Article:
LONDON, June 4 (Reuters) - Britain’s finance minister George Osborne voiced confidence on Tuesday that politicians and regulators from major economies will achieve a framework for sorting out problems with bank regulation within six months.
The Financial Stability Board, the regulatory arm of the Group of 20 leading economies (G20) that is chaired by Bank of England Governor Mark Carney, is targeting a G20 meeting on Nov. 15-16 in Brisbane, Australia, for resolving questions such as how to handle big, multinational banks if they hit trouble.
“We need to have an end to the process to bring some certainty to the issues, and Mark (Carney) has set the Brisbane G20 summit as the point where we can get the global political agreement achieved, and I am confident that timetable is possible,” Osborne said at a bank industry conference.
Regulators are putting in place a complex jigsaw of rules and mechanisms to wind down failed banks without the the drastic fallout seen when Lehman Brothers went under in 2008. Osborne said finance ministers and the FSB need to “make that all coherent and work for global institutions.”
The aim is to shield taxpayers, who had to shore up lenders in the 2007-09 financial crisis, from the cost of ensuring that a bank’s essential services, such as its payments system, can keep functioning.
Regulators see solving the “too big to fail” problem as key to restoring trust that globally coordinated rules can work rather than each country going it alone.
Key questions are what sort of creditors should be ‘bailed in’ to help recapitalise a bank in trouble, whether that loss-absorbing capital should be held by parent banks or held by subsidiaries in each country, and amending derivatives contracts to give regulators time to wind down a bank that has failed.
Osborne was speaking at the start of a 3-day meeting in London of the Institute of International Finance (IIF), the trade group for banks, insurers and other financial firms.
“I do understand that people in finance and banking have had to put up with a lot of regulatory change in the last few years, but that’s not surprising when you have a banking crisis and taxpayers are forced to put a huge amount of money into banks,” Osborne said.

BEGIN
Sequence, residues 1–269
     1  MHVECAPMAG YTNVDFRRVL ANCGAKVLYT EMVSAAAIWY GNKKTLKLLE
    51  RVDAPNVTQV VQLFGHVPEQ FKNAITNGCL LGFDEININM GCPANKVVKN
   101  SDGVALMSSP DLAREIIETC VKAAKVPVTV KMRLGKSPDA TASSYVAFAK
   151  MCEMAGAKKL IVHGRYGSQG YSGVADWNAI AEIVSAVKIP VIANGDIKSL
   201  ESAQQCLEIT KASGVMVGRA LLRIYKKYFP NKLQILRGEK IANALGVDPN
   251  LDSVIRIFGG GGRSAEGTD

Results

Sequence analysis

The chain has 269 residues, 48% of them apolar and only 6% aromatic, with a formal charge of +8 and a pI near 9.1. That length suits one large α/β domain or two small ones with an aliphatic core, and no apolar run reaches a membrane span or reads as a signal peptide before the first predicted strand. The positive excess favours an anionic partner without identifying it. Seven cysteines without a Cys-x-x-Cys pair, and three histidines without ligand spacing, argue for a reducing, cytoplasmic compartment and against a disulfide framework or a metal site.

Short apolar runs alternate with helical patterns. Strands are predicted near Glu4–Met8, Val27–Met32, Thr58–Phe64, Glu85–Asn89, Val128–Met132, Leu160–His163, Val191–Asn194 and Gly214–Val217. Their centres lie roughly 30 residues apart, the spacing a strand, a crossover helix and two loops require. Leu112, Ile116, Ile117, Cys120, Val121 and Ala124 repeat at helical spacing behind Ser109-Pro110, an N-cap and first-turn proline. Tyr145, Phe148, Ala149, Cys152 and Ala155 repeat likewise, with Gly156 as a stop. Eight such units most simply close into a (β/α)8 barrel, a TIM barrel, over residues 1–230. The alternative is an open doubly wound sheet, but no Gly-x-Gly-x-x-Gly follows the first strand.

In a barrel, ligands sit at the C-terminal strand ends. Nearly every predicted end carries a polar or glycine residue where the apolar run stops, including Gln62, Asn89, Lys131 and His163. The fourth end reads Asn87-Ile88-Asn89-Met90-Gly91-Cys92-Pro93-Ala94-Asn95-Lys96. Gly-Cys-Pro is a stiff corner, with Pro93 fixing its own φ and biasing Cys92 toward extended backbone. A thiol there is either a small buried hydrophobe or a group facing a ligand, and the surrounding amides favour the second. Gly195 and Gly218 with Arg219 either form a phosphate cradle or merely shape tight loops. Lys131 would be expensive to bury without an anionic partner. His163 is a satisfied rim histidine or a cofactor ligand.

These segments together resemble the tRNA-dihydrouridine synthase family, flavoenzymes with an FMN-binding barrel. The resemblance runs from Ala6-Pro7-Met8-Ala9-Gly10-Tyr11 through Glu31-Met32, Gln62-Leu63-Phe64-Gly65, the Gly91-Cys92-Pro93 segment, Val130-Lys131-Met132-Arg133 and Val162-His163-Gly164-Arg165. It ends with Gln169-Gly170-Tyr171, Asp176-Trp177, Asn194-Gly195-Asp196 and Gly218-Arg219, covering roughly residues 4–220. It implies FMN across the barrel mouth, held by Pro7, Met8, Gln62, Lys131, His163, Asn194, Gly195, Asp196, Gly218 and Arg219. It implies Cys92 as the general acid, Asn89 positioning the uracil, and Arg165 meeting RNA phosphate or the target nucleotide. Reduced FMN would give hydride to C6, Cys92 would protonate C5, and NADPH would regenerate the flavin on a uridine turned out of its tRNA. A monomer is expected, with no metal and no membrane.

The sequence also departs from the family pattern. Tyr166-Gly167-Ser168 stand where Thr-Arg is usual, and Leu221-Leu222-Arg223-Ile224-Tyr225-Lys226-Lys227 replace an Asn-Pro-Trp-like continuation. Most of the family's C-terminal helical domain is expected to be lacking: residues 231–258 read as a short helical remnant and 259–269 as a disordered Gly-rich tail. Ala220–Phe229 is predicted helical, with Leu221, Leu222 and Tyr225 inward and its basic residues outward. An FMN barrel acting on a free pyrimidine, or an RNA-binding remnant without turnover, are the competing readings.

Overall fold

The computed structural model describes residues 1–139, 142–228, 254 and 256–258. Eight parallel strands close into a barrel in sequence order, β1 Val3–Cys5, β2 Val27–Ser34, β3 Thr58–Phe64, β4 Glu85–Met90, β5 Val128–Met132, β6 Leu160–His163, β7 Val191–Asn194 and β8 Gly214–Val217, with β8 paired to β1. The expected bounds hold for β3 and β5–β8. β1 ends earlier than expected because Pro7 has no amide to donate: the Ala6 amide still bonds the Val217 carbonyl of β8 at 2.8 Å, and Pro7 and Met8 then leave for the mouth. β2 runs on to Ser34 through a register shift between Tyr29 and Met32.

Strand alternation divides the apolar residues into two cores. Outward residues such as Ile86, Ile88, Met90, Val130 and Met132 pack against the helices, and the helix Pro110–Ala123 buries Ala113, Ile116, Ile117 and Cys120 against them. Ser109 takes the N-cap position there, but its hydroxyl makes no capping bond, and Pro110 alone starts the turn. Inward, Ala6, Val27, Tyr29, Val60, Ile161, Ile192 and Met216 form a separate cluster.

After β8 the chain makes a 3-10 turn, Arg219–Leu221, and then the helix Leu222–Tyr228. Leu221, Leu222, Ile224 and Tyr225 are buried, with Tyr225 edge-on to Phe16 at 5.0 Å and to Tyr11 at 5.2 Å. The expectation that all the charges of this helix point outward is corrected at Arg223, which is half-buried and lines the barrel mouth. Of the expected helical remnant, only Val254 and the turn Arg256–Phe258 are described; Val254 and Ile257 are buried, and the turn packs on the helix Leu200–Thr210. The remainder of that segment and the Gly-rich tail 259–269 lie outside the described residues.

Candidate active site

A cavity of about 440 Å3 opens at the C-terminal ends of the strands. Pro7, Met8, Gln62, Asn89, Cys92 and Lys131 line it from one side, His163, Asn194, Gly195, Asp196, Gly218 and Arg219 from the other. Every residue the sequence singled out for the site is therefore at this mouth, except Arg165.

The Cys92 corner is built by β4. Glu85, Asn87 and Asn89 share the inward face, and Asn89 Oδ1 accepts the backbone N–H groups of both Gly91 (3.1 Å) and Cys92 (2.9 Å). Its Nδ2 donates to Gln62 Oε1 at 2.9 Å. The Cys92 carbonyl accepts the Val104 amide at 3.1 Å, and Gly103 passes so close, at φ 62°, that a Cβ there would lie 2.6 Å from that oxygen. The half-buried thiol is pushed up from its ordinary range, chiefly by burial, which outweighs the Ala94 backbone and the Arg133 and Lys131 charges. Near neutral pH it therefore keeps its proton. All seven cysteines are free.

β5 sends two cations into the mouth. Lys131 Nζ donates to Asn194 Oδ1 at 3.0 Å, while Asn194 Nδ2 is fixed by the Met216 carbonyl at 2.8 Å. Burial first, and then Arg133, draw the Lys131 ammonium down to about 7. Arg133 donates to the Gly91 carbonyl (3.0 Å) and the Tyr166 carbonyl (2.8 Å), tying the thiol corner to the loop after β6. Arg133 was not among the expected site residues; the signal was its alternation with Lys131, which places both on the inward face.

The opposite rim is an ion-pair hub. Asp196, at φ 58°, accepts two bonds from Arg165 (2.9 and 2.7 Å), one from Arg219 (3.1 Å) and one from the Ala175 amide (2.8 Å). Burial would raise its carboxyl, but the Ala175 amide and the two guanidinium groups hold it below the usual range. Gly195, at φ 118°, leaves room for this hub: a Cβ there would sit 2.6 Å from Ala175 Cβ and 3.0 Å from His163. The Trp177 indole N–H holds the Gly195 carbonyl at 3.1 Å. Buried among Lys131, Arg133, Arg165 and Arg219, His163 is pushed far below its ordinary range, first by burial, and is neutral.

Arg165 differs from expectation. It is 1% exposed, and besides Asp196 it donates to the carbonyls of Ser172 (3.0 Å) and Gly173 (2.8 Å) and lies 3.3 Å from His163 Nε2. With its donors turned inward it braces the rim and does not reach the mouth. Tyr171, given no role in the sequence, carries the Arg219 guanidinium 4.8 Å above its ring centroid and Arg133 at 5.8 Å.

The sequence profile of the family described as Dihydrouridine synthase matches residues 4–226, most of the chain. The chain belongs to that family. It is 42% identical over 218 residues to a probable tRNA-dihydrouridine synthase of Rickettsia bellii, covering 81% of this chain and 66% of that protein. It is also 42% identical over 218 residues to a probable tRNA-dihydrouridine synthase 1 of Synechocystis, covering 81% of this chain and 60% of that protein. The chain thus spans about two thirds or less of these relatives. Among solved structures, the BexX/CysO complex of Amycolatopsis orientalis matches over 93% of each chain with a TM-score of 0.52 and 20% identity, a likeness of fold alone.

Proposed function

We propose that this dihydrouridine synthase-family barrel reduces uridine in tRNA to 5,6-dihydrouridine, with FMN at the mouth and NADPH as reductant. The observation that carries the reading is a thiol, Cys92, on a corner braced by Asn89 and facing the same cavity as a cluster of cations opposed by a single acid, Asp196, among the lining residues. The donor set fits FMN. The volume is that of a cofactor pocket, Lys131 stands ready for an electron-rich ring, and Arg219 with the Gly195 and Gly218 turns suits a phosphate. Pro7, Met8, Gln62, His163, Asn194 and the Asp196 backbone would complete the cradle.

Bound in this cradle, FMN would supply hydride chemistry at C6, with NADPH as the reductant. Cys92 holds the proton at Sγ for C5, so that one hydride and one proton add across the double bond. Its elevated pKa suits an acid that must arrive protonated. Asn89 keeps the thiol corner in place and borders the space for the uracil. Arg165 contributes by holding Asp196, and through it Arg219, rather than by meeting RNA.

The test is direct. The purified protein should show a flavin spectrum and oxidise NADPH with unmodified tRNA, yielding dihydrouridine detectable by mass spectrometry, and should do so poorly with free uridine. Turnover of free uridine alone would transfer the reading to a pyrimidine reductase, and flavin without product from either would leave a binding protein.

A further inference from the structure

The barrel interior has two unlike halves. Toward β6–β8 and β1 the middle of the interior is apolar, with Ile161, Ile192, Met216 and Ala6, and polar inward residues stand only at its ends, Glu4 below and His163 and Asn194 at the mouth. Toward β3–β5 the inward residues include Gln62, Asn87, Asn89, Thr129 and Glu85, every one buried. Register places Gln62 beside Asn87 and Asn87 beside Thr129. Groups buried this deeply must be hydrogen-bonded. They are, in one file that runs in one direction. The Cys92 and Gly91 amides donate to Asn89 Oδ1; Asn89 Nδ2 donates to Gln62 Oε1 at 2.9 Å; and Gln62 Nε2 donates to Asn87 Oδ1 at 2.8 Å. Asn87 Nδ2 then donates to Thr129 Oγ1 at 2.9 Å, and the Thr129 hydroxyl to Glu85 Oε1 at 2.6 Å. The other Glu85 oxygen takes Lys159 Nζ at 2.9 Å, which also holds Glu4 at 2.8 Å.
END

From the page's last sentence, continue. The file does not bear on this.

Davide Serra, founder and CEO of Algebris Investments, which specialises in the financial sector, criticised the scale of regulatory change that has been unleashed since the crisis and a lack of coordination between European and U.S. regulators.
“Because of the weakness of some business models ... we ended up having a massive regulatory backlash,” Serra said.
Last week International Monetary Fund chief Christine Lagarde said bank industry reform had been slowed and hampered by fierce industry lobbying, but a senior regulator said on Wednesday rules will never be perfect and regulators need to “be humble” about shortcomings.
“In a highly dynamic world, imperfect knowledge leaves regulatory design permanently in catch-up mode,” said Jaime Caruana, general manager of the Bank for International Settlements.
“As soon as a rule, simple or complex, becomes a binding financial regulation, it will cause changes in financial institutions’ risk management that will make it less binding and less effective,” he said, referring to this as a “regulatory uncertainty principle”. (Reporting by Steve Slater; Editing by Ruth Pitchford)